Although staff from the Open Society Justice Initiative are no longer welcome at the administration office of the Extraordinary Chambers in the Courts of Cambodia, the rest of the court’s facilities remain open to them, court officials said Sunday.
“The court is a public place,” said Helen Jarvis, ECCC public affairs chief, in an interview.
Cabinet Minister Sok An announced Friday that the tribunal’s administration office had informed him that it would no longer allow entry to OSJI, after the legal NGO called for a speedy and thorough investigation into allegations of corruption and kickbacks at the ECCC. Several ECCC officials have denied the allegations.
ECCC public affairs officer Peter Foster said Sunday that he would meet Tuesday with Heather Ryan, OSJI’s trial monitor in Phnom Penh, as previously planned.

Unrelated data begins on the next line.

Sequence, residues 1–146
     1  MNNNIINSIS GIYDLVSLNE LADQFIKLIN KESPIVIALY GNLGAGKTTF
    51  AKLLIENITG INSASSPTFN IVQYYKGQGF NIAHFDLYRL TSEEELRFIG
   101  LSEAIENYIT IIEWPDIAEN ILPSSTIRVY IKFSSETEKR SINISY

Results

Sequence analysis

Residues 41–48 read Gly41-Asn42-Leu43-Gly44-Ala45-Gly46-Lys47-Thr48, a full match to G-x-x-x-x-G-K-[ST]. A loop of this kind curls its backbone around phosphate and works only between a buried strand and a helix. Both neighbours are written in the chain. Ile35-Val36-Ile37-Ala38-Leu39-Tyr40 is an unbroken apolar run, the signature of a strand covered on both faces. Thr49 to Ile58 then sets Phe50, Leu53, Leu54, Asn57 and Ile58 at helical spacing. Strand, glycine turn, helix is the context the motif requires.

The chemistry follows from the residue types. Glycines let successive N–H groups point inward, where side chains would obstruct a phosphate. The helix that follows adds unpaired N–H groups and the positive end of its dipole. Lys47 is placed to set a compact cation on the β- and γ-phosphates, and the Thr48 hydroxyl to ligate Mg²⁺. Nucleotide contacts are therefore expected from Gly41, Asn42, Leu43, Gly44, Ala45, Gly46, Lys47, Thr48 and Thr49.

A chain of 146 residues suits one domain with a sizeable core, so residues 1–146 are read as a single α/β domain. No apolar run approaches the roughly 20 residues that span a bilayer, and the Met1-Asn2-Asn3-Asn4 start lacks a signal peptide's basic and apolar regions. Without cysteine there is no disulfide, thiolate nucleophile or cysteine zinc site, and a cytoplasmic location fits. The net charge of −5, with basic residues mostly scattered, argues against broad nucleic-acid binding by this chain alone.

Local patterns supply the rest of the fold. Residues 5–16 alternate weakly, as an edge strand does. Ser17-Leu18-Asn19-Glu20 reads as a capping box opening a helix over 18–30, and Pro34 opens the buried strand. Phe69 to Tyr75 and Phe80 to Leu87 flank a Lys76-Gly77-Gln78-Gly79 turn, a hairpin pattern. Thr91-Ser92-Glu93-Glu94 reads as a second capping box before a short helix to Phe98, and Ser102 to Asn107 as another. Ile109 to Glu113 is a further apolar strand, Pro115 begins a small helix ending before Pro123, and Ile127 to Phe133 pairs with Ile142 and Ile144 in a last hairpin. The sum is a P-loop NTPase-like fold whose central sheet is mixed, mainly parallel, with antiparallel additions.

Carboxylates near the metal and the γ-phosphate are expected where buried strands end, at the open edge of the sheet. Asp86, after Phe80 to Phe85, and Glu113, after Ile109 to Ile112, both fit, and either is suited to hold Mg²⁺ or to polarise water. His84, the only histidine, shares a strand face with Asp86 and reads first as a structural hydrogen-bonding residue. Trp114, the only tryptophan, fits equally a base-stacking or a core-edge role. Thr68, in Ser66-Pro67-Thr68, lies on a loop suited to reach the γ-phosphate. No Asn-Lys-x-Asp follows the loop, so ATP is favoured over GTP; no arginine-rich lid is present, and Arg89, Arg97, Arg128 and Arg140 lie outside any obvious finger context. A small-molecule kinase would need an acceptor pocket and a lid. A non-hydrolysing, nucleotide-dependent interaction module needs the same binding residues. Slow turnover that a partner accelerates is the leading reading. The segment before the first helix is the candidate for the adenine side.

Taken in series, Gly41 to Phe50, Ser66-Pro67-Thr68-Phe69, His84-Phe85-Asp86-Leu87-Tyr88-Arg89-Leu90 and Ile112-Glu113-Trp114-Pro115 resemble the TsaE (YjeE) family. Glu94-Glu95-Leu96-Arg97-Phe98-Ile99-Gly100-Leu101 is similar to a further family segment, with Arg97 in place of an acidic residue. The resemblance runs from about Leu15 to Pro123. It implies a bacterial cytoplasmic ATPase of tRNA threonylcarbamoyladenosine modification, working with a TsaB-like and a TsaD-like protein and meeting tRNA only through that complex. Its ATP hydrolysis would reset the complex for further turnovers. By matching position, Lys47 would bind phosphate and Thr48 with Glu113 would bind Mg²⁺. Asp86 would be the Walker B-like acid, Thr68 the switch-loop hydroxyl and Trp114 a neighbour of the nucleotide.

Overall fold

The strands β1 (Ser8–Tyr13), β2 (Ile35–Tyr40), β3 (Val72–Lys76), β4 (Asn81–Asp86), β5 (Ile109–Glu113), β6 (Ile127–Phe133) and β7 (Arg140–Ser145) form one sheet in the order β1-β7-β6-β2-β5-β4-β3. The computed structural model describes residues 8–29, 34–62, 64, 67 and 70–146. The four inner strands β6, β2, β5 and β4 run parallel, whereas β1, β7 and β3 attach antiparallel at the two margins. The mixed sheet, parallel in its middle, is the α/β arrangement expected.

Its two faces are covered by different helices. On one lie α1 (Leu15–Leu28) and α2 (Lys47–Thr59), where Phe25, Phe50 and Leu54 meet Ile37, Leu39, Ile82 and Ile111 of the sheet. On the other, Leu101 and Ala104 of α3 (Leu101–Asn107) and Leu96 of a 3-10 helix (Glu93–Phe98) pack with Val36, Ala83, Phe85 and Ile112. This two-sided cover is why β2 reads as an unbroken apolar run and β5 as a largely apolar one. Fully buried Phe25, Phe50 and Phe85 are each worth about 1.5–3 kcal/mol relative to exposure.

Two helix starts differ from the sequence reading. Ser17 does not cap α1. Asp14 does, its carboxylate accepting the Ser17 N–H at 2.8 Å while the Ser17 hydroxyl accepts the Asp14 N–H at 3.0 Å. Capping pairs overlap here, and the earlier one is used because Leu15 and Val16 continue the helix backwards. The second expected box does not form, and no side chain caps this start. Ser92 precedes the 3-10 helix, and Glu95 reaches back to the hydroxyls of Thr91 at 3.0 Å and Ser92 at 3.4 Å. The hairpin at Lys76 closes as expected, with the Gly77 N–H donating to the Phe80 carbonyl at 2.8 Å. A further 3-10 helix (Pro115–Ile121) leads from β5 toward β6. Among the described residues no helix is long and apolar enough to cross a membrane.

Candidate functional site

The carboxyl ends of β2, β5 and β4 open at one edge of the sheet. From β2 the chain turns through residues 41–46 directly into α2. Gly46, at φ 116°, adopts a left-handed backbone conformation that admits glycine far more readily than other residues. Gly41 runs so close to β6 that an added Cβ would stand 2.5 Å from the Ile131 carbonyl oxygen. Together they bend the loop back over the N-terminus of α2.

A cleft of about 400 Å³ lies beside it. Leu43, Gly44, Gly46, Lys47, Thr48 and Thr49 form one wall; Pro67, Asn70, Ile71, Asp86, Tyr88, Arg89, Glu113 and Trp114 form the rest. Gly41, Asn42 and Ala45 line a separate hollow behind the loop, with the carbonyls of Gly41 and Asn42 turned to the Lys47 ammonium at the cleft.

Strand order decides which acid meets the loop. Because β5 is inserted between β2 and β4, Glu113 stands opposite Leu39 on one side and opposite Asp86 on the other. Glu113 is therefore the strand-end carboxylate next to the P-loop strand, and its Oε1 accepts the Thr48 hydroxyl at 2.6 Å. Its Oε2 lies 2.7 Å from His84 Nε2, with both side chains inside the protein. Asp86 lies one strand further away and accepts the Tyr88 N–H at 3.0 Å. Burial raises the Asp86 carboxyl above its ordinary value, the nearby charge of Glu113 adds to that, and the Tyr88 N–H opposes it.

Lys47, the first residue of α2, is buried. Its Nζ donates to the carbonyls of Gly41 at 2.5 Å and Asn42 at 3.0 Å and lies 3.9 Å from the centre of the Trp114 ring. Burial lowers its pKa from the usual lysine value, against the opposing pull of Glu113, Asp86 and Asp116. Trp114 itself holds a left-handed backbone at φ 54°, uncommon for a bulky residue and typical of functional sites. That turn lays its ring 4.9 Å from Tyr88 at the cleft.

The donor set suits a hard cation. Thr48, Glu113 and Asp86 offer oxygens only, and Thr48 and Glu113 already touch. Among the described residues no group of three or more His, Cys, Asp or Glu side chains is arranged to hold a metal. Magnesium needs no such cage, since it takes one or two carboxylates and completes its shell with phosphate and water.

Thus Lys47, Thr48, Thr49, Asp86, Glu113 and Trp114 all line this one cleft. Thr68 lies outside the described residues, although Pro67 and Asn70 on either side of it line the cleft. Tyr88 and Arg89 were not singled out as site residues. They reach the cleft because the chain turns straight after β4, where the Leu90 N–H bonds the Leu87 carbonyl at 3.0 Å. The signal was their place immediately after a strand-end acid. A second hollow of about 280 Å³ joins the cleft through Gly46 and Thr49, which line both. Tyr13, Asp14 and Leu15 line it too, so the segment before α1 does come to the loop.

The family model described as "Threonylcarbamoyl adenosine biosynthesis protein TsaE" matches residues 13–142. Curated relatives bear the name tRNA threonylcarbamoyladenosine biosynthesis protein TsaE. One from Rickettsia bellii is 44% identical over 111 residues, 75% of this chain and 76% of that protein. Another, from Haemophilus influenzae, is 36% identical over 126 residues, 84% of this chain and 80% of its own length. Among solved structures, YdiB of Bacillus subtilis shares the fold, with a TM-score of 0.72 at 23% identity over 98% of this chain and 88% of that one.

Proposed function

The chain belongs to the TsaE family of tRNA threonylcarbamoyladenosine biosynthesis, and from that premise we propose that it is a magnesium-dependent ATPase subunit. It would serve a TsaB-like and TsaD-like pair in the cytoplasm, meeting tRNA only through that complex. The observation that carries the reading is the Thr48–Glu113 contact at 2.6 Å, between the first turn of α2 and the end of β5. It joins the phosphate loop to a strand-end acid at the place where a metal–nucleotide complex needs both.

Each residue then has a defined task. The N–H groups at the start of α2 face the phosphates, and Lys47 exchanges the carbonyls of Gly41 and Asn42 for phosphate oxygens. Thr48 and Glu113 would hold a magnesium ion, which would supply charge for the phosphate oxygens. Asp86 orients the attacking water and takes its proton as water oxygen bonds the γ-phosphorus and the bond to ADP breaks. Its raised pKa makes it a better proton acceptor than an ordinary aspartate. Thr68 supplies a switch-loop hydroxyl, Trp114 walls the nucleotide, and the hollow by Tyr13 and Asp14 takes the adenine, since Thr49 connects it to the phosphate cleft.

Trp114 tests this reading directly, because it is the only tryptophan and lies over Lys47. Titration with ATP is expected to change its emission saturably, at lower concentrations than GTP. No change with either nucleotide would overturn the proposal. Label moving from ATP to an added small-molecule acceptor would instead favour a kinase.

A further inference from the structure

“You can’t ban OSJI or anyone else from the building,” he said. “We still consider them valuable partners.”
Jarvis emphasized that restricting the NGO entry had come from the administration office and not from Sok An. The tribunal’s administration director Sean Visoth, she said, “does not wish to cooperate with them [OSJI] anymore due to the bad faith and bias on their part.”
On Sunday Sean Visoth declined to speak to a reporter and Ryan, who was travelling, could not be reached for comment.
Several Cambodian staffers at the court—including Co-Prosecutor Chea Leang and Trial Chamber Judge Nil Non—said Sunday they were not aware of the restriction placed on OSJI. Several added that, in general, they advocate open lines of communication. Nil Non said that in his experience “a judge needs all sides of information.”